Donating a Motive to Strive

Oil money pipeline funnels kids to college

Even in the Mile-High City, college is out of reach for many low-income students. But in 2005, Denver high-school kids were getting a boost from the state of Colorado. A concurrent enrollment program allowed students, many from poor or immigrant backgrounds, to get a head start on higher education by earning high school and college credit at the same time. But when the board of education had to eliminate the tuition subsidy, many students were unable to pay for the courses on their own. That’s when Colorado oilman Tim Marquez and his wife Bernadette read an article in the Denver Post about the folding of the program and decided they should do something about it.

As the couple began to research the issue, they realized how big the problem was: Many students from low-income urban neighborhoods never made it to the finish line in high school and certainly not on to post-secondary education. For Tim, the son of two teachers, this was unacceptable. True, he had “made it” on his own. A graduate of Denver’s Abraham Lincoln High School, he put himself through college at the Colorado School of Mines as a petroleum engineering major. But, as he readily admits, “It was $300 a semester then, so I made it work with a few partial scholarships and a job at the Coors plant in nearby Golden.”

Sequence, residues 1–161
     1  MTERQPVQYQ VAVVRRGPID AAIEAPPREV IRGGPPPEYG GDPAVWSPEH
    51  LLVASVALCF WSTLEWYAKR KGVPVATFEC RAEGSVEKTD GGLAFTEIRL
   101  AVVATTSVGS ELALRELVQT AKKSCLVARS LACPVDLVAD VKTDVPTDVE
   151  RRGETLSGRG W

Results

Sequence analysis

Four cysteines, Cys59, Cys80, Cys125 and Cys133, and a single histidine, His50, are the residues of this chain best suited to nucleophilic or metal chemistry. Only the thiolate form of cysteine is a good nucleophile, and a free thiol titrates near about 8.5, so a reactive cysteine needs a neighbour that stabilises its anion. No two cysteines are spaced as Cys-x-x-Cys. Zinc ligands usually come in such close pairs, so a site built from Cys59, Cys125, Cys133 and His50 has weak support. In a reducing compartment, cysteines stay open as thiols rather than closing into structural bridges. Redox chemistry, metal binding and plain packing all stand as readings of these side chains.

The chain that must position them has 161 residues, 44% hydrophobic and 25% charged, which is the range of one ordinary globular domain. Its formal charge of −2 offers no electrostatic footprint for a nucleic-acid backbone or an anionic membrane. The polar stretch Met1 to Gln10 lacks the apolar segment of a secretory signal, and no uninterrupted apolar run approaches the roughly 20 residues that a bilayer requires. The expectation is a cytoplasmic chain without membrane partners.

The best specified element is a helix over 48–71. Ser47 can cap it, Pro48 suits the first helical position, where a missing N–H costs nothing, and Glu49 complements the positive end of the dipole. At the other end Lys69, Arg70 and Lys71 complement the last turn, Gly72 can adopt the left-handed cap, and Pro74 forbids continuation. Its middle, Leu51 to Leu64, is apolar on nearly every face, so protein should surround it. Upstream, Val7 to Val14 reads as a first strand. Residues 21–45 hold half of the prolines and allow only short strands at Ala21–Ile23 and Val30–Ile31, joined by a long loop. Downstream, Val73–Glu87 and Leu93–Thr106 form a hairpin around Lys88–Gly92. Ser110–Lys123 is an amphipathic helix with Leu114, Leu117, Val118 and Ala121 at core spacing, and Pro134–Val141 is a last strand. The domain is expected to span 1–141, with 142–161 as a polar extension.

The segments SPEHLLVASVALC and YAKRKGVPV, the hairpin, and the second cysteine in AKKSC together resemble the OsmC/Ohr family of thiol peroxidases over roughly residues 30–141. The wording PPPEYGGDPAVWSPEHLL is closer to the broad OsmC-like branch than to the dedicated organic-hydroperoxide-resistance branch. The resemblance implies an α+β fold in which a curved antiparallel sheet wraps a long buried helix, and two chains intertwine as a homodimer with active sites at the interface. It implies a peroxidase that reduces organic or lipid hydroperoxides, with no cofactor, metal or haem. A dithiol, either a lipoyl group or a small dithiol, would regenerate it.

After his graduation from Mines in 1980, Tim went to work for the California oil company Unocal. One Christmas, while home in Denver for the holidays, he met Bernadette Bott in a club and asked her to dance. They were married in 1983.

Bernadette, or “Bernie,” also understood how important education is to a bright future. One of eight children from Kalamazoo, Michigan, her dad had a high school diploma and worked for General Motors his entire career. Her mom never completed high school and worked part-time over the years. Watching her parents and older siblings struggle made Bernie want a secure career so that “no one would have to take care of me.” Earning a degree was her path. She liked science and knew there would always be a demand for health care. She became a registered nurse, practicing for nearly 30 years.

After 13 years with Unocal, a large firm with a sometimes messy bureaucracy, Tim and a partner struck out on their own, founding Venoco in 1992, financed by a small severance and a $3,000 advance on Tim and Bernie’s credit card. While many larger companies were walking away from California’s aging oil fields, Venoco came in with new techniques and watched its profits and success grow dramatically.